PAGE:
When Microsoft released Windows XP, it contained a lot of features that weren’t found in previous versions of the Windows operating system. One of the best new features in Windows XP was Remote Assistance. Remote Assistance relieved a company’s support staff from having to physically travel to each computer that had a problem, and greatly reduced the amount of time required for telephone support. As great as Remote Assistance is however, it does have its shortcomings. There are some network configurations that it just doesn’t work with, and it can be considered as somewhat of a security risk. In Windows Vista, Microsoft has completely revamped the Remote Assistance feature. In this article, I will show you what you can expect from the new version of Remote Assistance.
One way that Remote Assistance has been improved is that it is designed to be more efficient. The Windows XP version of Remote Assistance tended to be difficult to use in low bandwidth situations. As such, the Windows Vista version of Remote Assistance has been re-engineered to use less bandwidth. In doing so however, one feature was removed. In the Windows XP version of Remote Assistance, it was possible to verbally communicate with the person that you were helping. The verbal communications feature has been removed from the Windows Vista version of Remote Assistance in order to conserve bandwidth.
This brings up an interesting point about compatibility. Most organizations probably aren’t going to switch all of their users to Vista overnight, so you might be wondering about whether or not the Vista version of Remote Assistance is compatible with the Windows XP version. The two versions are mostly compatible, but there are a few minor issues (including the verbal communications issue that I just mentioned).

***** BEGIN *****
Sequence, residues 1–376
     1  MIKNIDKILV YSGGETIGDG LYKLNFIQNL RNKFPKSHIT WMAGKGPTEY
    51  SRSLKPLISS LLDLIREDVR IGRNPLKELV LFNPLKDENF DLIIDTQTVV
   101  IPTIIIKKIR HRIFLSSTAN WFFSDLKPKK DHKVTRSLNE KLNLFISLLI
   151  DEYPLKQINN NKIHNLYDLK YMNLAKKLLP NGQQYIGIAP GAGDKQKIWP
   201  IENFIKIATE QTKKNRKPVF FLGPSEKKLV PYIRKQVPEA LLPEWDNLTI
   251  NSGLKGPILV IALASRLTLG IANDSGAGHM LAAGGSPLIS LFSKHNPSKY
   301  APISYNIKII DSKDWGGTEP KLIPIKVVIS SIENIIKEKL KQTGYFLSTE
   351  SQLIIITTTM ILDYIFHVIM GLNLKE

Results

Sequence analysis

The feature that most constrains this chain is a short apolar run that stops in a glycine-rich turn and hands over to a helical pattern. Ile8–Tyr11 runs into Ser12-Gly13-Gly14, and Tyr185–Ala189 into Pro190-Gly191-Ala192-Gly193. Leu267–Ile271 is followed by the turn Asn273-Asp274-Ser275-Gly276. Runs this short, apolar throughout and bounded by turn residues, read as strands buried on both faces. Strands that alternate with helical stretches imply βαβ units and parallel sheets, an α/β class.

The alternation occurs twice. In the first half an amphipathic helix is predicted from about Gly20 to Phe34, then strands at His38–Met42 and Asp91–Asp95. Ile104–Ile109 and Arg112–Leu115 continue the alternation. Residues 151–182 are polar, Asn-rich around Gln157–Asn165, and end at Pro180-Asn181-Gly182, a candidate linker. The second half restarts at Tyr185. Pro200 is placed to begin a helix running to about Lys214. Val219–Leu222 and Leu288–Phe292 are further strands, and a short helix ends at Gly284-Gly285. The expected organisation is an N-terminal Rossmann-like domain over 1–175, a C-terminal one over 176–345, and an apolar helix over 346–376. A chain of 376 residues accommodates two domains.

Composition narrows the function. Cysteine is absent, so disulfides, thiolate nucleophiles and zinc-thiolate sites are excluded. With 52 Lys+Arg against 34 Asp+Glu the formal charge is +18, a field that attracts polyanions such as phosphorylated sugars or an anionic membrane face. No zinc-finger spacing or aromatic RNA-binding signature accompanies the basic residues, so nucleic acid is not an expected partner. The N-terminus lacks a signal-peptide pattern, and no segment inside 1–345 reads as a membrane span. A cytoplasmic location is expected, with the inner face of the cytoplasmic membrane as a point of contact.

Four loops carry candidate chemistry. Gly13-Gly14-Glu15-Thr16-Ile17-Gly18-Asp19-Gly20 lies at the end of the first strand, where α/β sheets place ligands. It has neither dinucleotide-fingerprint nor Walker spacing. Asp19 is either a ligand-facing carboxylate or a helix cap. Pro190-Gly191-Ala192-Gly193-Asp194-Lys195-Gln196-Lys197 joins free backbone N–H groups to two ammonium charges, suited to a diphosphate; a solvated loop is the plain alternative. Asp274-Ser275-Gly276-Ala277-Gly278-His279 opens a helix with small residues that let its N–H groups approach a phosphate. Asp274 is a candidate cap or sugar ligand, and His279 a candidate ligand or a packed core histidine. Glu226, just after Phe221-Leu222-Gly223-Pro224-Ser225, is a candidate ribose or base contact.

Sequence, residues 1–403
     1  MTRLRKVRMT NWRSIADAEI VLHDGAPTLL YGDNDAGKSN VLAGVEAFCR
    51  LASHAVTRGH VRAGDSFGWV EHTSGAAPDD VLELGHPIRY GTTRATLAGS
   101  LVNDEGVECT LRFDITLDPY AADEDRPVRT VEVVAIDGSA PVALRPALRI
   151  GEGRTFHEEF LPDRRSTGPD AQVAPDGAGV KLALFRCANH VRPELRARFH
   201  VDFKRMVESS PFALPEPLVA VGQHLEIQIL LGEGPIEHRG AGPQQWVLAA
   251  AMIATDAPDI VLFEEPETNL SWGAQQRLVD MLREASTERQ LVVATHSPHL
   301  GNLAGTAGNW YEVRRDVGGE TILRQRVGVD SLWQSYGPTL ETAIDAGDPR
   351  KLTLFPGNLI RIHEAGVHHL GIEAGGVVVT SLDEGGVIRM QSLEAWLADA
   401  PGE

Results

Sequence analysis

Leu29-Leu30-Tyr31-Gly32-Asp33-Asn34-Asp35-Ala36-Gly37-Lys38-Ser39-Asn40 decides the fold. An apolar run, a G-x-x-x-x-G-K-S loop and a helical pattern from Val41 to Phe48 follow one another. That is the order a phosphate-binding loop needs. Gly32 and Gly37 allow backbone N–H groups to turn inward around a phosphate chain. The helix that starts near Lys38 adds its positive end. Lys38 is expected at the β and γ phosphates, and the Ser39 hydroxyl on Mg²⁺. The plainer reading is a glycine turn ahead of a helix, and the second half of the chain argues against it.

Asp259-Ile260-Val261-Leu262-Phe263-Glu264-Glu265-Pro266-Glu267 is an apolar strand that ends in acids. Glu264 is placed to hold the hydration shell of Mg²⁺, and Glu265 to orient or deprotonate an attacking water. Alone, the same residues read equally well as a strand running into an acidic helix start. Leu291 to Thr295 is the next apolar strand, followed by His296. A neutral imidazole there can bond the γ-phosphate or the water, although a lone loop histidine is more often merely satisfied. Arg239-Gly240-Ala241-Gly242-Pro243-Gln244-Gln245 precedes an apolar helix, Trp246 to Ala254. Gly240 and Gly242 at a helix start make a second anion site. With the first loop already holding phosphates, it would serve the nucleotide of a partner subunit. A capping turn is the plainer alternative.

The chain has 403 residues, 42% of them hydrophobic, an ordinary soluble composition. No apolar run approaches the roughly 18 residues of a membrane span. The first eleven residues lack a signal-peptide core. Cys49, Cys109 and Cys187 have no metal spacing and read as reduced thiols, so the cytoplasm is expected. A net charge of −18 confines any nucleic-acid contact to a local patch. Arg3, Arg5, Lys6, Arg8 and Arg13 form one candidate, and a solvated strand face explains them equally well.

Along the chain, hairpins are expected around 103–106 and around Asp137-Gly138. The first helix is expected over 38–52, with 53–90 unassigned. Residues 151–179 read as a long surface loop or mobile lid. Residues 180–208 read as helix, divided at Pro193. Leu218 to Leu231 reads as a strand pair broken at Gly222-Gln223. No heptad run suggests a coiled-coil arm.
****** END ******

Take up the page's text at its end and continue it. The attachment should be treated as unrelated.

One issue is that Vista’s version of Remote Assistance supports pausing a session. Since the Windows XP version didn’t support this feature, someone who is using Vista to assist someone running Windows XP can pause the session, but the person who is running Windows XP will not be notified that the session has been paused.
A more important issue is that a person who is running Windows XP will not be able to offer assistance to someone who is running Windows Vista. Therefore, if your organization’s help desk depends on Remote Assistance, then you will probably want to make sure that the help desk staff are the first ones upgraded to Windows Vista.
Using Remote Assistance
Establishing a Remote Assistance session through Windows XP is simple. As you may recall, in Windows XP, Remote Assistance was part of the Help and Support Center. In Vista, Remote Assistance has been made into a stand alone application. You can access Remote Assistance by clicking the Start button and selecting All Programs | Maintenance | Remote Assistance. Upon launching Remote Assistance, you will see a screen giving you the choice of either inviting someone to help you or offering to help someone, as shown in Figure A.
Figure A: Upon launching Remote Assistance, you will see a screen giving you the choice of either inviting someone to help you or offering to help someone
If the person who is running Remote Assistance is the one who needs help, they would select the Invite Someone You Trust To Help You option. At this point, the person who is asking for help would see a screen asking if they want to use e-mail to send an invitation, or if they would like to save the invitation as a file.